Think-and-Grow-Rich

These difculties were sufcient to have discouraged

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Unformatted text preview: ion to act upon it. Two difficulties stood in his way. He did not know Mr. Edison, and he did not have enough money to pay his railroad fare to Orange, New Jersey. These difficulties were sufficient to have discouraged the majority of men from making any attempt to carry out the desire. But his was no ordinary desire! He was so determined to find a way to carry out his desire that he finally decided to travel by “blind baggage,” rather than be defeated. (To the uninitiated, this means that he went to East Orange on a freight train). He presented himself at Mr. Edison’s laboratory, and announced he had come to go into business with the inventor. In speaking of the first meeting between Barnes and Edison, years later, Mr. Edison said, “He stood there before me, looking like an ordinary tramp, but there was something in the expression of his face which conveyed the impression that he was determined to get what he had come after. I had learned, from years of experience with men, that when a man really DESIRES a thing so deeply that he is willing to stake his entire future on a single turn of the wheel in order to get it, he is sure to win. I gave him the opportunity he asked for, because I saw he had made up his mind to stand by until he succeeded. Subsequent events proved that no mistake was made.” 9 NAPOLEON HILL THINK AND GROW RICH Just what young Barnes said to Mr. Edison on that occasion was far less important than that which he thought. Edison, himself, said so! It could not have been the young man’s appearance which got him his start in the Edison office, for that was definitely against him. It was what he THOUGHT that counted. If the significance of this statement could be conveyed to every person who reads it, there would be no need for the remainder of this book. Barnes did not get his partnership with Edison on his first interview. He did get a chance to work in the Edison offices, at a very nominal wage, doing work that was unimportant to Edison, but most important to Barnes, because it gave him an opportunity to display his “merchandise” where his intended “partner” could see it. Months went by. Apparently nothing happened to bring the coveted goal which Barnes had set up in his mind as his DEFINITE MAJOR PURPOSE. But something important was happening in Barnes’ mind. He was constantly intensifying his DESIRE to become the business associate of Edison. Psychologists have correctly said that “when one is truly ready for a thing, it puts in its appearance.” Barnes was ready for a business association with Edison, moreover, he was DETERMINED TO REMAIN READY UNTIL HE GOT THAT WHICH HE WAS SEEKING. He did not say to himself, “Ah well, what’s the use? I guess I’ll change my mind and try for a salesman’s job.” But, he did say, “I came here to go into business with Edison, and I’ll accomplish this end if it takes the remainder of my life.” He meant it! What a different story men would have to tell if only they would adopt a DEFINITE PURPOSE, and stand by that purpose until it had time to...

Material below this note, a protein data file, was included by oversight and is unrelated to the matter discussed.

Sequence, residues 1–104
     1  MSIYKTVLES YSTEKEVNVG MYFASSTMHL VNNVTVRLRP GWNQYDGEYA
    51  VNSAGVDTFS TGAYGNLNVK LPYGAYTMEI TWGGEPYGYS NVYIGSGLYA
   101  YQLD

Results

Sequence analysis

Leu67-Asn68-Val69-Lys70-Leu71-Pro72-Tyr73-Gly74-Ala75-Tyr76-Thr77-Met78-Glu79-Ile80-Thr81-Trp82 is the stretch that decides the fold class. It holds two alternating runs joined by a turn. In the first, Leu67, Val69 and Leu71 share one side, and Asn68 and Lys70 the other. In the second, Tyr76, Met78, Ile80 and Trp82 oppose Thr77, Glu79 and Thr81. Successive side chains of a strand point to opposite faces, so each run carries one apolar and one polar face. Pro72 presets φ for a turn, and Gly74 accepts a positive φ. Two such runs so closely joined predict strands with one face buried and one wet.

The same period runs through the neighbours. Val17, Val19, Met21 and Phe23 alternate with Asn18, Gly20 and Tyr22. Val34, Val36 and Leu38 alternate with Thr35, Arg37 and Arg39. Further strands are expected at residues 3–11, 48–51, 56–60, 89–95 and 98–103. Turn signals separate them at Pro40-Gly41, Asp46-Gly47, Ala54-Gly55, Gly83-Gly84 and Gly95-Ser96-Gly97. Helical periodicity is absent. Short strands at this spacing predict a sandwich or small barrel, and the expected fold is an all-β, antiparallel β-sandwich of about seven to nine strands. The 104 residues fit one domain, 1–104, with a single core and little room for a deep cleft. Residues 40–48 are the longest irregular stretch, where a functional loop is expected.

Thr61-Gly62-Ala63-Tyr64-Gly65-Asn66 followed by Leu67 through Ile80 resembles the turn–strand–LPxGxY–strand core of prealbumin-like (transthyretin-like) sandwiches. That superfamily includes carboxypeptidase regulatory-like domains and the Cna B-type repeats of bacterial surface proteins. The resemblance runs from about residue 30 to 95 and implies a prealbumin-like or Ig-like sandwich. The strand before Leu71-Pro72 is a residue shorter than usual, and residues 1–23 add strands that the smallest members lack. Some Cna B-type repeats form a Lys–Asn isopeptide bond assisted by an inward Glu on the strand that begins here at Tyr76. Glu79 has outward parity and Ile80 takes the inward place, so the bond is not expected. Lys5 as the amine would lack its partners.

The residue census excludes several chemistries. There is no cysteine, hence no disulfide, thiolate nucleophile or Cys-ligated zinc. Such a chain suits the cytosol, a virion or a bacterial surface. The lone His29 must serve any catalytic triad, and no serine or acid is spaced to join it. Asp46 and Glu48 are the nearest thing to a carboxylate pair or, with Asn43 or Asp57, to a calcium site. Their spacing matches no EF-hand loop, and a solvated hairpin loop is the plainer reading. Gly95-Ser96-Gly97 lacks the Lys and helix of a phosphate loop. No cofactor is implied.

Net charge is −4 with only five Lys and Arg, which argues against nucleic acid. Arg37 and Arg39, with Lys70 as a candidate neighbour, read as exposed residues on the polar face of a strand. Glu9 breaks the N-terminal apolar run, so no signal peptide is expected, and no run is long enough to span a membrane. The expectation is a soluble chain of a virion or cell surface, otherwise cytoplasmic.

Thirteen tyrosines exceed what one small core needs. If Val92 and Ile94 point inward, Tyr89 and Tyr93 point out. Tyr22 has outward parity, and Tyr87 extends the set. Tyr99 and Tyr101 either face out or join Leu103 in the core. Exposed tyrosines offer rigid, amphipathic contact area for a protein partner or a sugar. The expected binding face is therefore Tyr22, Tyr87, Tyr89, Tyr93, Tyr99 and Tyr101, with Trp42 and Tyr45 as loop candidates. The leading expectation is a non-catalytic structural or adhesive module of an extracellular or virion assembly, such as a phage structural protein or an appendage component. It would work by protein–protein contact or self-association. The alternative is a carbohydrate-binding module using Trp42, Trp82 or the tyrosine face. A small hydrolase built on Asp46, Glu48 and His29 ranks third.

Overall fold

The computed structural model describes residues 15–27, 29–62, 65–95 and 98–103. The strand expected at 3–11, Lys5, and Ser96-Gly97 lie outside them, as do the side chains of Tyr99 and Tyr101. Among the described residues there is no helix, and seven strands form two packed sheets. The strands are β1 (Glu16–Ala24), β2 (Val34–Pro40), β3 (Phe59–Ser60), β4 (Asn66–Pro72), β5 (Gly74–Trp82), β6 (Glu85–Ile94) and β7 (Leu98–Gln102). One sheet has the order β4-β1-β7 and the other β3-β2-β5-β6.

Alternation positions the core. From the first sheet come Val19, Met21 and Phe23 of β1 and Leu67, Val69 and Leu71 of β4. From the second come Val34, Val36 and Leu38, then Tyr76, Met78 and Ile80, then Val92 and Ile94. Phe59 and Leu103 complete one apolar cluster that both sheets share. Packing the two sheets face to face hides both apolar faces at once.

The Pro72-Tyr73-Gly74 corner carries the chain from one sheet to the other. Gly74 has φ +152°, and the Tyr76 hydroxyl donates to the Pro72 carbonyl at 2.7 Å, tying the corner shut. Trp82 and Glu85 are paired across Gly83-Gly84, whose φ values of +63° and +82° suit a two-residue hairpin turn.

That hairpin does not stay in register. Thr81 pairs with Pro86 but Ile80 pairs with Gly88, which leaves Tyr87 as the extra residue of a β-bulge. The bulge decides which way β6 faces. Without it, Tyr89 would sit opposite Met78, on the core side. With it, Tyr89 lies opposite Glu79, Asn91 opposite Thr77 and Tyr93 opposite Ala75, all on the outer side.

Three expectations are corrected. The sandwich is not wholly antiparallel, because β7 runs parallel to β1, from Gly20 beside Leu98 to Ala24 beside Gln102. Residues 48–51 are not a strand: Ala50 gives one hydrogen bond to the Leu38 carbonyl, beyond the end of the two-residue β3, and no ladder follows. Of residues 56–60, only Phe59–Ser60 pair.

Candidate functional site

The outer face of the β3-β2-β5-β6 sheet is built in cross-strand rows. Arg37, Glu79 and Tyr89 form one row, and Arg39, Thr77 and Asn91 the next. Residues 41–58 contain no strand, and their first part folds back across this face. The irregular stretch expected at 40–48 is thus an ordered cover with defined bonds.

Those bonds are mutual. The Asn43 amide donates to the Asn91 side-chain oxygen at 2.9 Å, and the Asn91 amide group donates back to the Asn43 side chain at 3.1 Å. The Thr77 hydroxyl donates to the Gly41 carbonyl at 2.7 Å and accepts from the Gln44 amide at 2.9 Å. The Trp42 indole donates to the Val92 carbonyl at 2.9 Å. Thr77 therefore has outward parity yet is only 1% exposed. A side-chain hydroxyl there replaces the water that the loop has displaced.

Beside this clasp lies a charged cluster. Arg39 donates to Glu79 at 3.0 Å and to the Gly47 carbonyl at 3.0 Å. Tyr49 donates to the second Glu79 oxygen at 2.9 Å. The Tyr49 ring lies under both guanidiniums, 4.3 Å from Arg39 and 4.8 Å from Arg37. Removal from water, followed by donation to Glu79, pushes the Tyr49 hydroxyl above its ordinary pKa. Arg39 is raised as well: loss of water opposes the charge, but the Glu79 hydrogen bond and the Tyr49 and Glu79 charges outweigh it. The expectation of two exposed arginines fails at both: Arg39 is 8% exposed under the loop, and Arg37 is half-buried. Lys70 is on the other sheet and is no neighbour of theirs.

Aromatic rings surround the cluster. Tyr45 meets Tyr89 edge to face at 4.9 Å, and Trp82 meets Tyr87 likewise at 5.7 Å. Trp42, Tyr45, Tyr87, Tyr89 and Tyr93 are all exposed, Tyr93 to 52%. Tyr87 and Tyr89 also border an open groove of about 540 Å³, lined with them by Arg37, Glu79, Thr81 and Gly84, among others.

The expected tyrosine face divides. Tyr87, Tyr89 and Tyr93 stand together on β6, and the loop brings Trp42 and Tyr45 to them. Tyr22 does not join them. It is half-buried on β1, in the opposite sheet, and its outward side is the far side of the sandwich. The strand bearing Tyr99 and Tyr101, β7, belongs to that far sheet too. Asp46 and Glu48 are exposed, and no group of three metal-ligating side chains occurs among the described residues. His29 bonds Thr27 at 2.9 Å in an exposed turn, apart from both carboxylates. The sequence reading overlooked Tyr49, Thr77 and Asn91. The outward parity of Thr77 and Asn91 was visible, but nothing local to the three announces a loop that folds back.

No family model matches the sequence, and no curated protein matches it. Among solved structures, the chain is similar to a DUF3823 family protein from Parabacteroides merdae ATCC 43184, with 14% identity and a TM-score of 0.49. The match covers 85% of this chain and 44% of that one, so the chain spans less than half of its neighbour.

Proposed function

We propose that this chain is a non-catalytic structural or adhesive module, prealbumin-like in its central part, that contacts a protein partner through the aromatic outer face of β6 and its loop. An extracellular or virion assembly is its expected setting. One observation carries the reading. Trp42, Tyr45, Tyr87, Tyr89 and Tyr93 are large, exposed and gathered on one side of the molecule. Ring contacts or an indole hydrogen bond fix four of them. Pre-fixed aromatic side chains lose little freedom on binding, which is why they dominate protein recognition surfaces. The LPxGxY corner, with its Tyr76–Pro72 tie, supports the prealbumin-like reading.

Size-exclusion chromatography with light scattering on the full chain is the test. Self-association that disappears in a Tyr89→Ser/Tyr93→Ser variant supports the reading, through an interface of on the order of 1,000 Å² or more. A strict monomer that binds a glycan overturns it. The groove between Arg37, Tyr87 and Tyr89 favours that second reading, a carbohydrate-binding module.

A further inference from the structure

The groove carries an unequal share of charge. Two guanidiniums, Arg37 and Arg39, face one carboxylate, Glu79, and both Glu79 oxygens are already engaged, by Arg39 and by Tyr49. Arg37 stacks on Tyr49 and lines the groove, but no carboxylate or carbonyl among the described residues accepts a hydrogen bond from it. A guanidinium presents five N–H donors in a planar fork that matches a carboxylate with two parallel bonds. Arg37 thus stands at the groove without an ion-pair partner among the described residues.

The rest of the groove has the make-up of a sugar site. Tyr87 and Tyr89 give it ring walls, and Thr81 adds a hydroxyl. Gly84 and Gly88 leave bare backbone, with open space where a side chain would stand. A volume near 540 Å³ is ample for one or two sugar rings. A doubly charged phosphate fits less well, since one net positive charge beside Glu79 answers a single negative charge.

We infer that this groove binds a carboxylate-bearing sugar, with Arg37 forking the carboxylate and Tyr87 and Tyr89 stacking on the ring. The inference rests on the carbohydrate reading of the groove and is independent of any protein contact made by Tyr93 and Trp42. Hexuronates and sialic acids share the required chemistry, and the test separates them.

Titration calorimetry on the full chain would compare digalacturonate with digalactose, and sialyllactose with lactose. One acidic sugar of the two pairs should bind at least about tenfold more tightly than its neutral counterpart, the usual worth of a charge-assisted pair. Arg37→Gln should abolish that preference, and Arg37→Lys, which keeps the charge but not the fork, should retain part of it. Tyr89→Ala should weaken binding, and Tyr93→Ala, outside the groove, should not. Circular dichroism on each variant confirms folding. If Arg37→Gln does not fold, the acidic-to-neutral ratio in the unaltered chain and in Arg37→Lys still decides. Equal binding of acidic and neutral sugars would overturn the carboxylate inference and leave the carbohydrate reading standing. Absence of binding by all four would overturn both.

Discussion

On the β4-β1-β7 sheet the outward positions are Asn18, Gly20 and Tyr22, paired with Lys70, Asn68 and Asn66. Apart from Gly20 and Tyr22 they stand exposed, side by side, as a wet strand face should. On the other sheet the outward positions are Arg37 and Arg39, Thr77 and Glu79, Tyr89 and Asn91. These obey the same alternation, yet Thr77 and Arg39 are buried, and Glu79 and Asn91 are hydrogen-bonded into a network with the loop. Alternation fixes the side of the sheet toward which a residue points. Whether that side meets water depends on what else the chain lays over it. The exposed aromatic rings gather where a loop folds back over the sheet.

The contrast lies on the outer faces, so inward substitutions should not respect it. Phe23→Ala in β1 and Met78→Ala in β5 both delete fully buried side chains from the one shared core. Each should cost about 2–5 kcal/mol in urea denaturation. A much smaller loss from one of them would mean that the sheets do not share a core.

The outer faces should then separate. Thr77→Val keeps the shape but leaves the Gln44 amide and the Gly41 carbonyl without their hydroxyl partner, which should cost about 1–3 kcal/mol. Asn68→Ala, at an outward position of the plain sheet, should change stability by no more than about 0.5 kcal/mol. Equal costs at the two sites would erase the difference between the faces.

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This note was uploaded on 11/13/2012 for the course ACCOUNTING 225 taught by Professor Austin during the Spring '12 term at American.

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